Septic Tank Information

What is a septic tank system?

A septic tank system consists of a large water-tight tank that receives wastewater from the home plumbing system. The tank is followed by an underground drain field consisting of a network of perforated pipe for the septic tank to the soil for final treatment and disposal.

How Does It Work?

Septic tanks contain bacteria that grows best in oxygen-poor conditions. These bacteria carry out a portion of the treatment process by converting most solids into liquids and gases. Bacteria that require oxygen thrive in the drain field and complete the treatment process begun in the septic tank. If the septic tank is working well, the wastewater which flows out of the tank is relatively clear, although it still has an odor and many carry disease organisms. It should flow nowhere except into the drain field. NEVER ONTO THE GROUND SURFACE OR ONTO FLORIDA WATERS!!

Operation and Maintenance

After the septic tank system is placed in service, proper operation and maintenance of the system will ensure continued efficient service and prevent sudden replacement expenses. The septic tank and drain field are designed and installed to handle a maximum calculated daily sewage flow.

Consistently exceeding the design flow will eventually overload the system and cause failure. The tank may receive new solids faster than it can dispose of the old ones and the drain field may become saturated from excessive water use.

Various products are on the market which are said to start, accelerate or improve the action a the septic tank. Since all necessary bacterial are already present in the sewage entering the system, such products are not recommended.

Maintenance of a septic tank will depend largely on the daily sewage flow and individual household wastewater characteristics. With ordinary use and care, a septic tank should not require pumping out more than once every two to three years. It should, however, be inspected occasionally to determine the depth of accumulated sludge and grease.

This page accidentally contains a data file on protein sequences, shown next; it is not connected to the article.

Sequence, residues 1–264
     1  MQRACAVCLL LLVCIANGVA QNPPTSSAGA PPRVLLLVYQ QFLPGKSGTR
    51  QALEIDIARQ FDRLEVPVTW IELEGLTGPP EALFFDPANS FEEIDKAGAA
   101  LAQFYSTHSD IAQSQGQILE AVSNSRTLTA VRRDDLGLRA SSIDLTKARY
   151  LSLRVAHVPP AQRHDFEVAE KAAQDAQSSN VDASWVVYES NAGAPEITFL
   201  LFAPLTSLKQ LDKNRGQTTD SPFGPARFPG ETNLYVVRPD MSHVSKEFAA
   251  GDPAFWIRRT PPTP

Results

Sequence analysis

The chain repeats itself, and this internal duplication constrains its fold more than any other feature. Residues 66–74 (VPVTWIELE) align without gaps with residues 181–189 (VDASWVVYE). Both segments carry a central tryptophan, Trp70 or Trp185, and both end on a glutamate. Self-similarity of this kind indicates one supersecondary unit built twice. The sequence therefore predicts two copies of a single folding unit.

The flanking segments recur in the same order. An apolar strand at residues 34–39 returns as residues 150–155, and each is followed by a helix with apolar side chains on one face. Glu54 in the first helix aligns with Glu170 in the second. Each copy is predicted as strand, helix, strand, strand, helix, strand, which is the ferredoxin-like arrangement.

Waste from kitchen garbage disposal units puts an extra load on a septic tank system. If a disposal is ‘used, the capacity of the tank should be increased to handle the increased solid wastes. The tank may also require yearly pumping to remove accumulated solid waste buildup.

Failure to pump gut a septic tank system when indicated, will result in solids or greases overflowing into the drain field which in turn may become clogged and stop functioning. In this event, not only will the tank have to be replaced. Septic tanks. can be cleaned by septic tank cleaning firms permitted by the county health department. This type of work should be done only by experienced professionals who will pump the entire contents of the tank Into a tank truck and dispose of the content in an approved, sanitary manner.

Preventing Failure

Septic Tank systems fail when the drain field does not dispose of sewage as rapidly as it is being added to the system. Thus, improvements that reduce the amount of incoming water or improve the quality of wastewater passing through the system will increase the system’s longevity. Other important considerations include the following:

A drain field can be damaged by compaction due to vehicular traffic and can be blocked by excessive shrubbery or tree root growth. The drain field should be unobstructed and seed with grass. Grass and sunlight aid evaporation.

Washing machines are responsible for large volumes of water entering the septic tank. The surge of wash water can create turbulence in the tank which increases the amount of solids flushed into the drain field. Space washings throughout the week rather than doing many loads at a time, or, install a separate system for washing machine water. Cooking oils and greases are trouble makers. The type of bacteria found in septic tanks and drain fields do not survive or function well in solidified grease. Grease and cooking fats should never be washed down the sink drain. Save grease in jars or cans for disposal in the garbage.


• Know the location and capacity of your septic tank system
• Have a qualified person inspect the tank at least every two to three years
• Have tank pumped when the combined depth of the sludge and scum equals 1/3 of the tank liquid volume
• Install the system so that rainfall and surface water will flow away from the drain field
• Rain water from a roof should not discharge onto the drain field
• Grow grass or small plants above the system
• Install water conservation fixtures or devices to reduce the total volume of water entering the system
• Keep plumbing fixtures such as toilets and faucets in good repair to prevent leakage and wasting of water


• Never flush paper towels, newspapers, wrapping paper, rags or sacks into the system
• Never allow large, irregular, intermittent or constant volumes of clear water into the system as with a leaking toilet or faucet
• Never over-use ordinary house old cleaning chemicals that will be flushed into the system
• Never pour out or empty hobby or borne industry chemicals into the system
• Never allow waste from water softeners to enter the system
• Never allow waste or other bulky waste to enter the system
• Never flush toxic materials such as pesticides Into the system
• Never plant trees or shrubbery in the drain field
• Never allow vehicles care, trucks, etc) to drive across or park on the drain field (Protect it from being crushed)
• Never waste water
• Never use chemical solvents to clean plumbing lines or septic tank system

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